Familial Amyloid Polyneuropathy of the Portuguese type
By Dr.Theodoros Kyriakides, neurologist (honorary member of the Association)
Familial amyloid polyneuropathy of the Portuguese type (TTR-Met30) is a rare hereditary condition that was possibly brought to the island and started affecting locals during the 3rd Crusade. It appears, on average, around 40, in both men and women and infects people with a particular gene mutation in their transthyretin gene. Beyond neuropathic symptoms (such as muscle weakness and atrophy, difficulty in feeling hot and cold water, mostly in the lower extremities), patients also suffer gastrointestinal, urogenital and blood circulation problems, as well as complications to their kidneys and eyes. If not treated at all, in a decade the patient will be unable to walk unassisted and will eventually die from heart failure and weight loss.
At an international level, most cases of TTR-Met30 are found in Portugal, Italy, France, northern Sweden and Japan, while in Greece, the majority of patients have been reported in Crete. Cyprus is one of the European countries with increasing frequency, with those diagnosed being treated and monitored by the Institute of Neurology and Genetics. More often than not, patients are not well informed about symptomatology and suffer unnecessary frustration, discomfort and delays, until the right diagnosis is made.
Anyone with a family history of TTR-Met30, but also those who are unaware of familial conditions, but suffer from progressive neuropathy with acute attacks of pins and needles and loss of hot-cold sensation in their soles, should undergo genetic tests at the Institute of Neurology and Genetics. This is even more necessary for Limassol and Keryneia district patients.
So far, the only way of keeping the progression of the illness in check was a liver transplant, as the organ produces transthyretin, the mutated protein that is deposited in the peripheral nerves, causing the onset of the condition.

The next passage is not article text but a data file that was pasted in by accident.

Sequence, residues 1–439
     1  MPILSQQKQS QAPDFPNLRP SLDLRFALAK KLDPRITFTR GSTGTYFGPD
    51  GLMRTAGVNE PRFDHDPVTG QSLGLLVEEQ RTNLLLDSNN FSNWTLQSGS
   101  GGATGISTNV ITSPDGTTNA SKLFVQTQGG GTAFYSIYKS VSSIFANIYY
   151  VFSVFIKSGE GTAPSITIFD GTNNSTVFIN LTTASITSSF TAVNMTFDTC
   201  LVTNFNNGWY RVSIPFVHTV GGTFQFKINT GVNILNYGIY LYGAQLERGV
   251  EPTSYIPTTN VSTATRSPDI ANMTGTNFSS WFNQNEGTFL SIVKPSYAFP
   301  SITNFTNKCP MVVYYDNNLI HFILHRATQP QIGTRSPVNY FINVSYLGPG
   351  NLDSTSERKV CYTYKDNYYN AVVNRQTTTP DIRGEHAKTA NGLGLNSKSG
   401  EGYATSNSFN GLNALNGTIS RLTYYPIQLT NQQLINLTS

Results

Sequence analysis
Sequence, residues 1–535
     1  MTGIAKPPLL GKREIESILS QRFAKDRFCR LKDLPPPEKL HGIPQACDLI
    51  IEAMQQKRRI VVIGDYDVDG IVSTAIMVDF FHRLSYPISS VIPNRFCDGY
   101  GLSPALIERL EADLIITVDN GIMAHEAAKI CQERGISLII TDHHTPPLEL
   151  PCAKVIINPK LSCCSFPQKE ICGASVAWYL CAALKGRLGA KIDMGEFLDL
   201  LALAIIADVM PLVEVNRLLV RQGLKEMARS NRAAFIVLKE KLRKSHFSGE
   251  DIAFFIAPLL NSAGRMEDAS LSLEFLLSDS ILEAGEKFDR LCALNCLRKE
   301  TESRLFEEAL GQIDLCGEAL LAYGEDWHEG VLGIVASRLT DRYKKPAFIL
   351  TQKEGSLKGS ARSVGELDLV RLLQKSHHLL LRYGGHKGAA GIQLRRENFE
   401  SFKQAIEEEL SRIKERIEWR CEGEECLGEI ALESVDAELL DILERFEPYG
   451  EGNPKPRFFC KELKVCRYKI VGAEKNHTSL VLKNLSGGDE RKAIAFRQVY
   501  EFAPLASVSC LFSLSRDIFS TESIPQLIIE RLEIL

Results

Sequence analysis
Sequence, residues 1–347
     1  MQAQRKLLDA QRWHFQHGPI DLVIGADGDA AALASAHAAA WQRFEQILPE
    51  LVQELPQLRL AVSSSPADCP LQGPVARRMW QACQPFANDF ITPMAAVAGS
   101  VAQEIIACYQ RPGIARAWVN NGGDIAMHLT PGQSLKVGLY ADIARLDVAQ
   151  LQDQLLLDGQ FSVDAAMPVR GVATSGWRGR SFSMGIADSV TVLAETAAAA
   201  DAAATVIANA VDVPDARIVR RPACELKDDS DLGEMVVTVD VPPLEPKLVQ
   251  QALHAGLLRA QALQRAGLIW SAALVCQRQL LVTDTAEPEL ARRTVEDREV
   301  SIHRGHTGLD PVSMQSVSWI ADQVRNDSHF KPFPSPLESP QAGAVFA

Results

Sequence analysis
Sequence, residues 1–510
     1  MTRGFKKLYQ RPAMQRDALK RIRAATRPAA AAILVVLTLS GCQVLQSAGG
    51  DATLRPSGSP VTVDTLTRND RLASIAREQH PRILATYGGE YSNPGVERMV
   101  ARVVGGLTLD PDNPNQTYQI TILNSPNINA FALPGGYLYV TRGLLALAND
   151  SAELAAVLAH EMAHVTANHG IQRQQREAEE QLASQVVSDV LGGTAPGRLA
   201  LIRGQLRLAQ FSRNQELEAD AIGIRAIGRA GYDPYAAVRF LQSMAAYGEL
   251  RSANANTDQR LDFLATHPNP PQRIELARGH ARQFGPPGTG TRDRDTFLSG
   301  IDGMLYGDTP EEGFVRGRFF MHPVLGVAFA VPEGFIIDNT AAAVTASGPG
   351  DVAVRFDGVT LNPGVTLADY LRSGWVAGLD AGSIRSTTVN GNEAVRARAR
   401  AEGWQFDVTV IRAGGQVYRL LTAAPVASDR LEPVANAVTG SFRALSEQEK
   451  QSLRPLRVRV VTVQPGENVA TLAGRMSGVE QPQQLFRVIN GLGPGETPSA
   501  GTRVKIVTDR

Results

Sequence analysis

In recent years however, there have been significant developments in the way TTR-Met30 is treated. Since 2011, mouth received medicine is available. Tafamidis is the only approved drug in Europe that can delay the development of toxic mutated protein in peripheral nerves, heart and kidneys. Tafamidis has been approved by the European Medicines Agency for patients on a liver transplant list. It can be several months before a liver is found and their health deteriorates during this time. In certain countries including Portugal, many patients decide to continue taking Tafamidis instead of going through with a transplant, as the response of their body to the medicine is effective and the condition is stabilized, its progression prevented. In addition, patients spare themselves from transplant complications, including organ rejection, leading to post-surgery death.
The numbers are very positive in the four years of Tafamidis use in Europe. Hundreds of patients have benefited, as the drug has shown good results in suspending the progression of the condition and improving quality of life.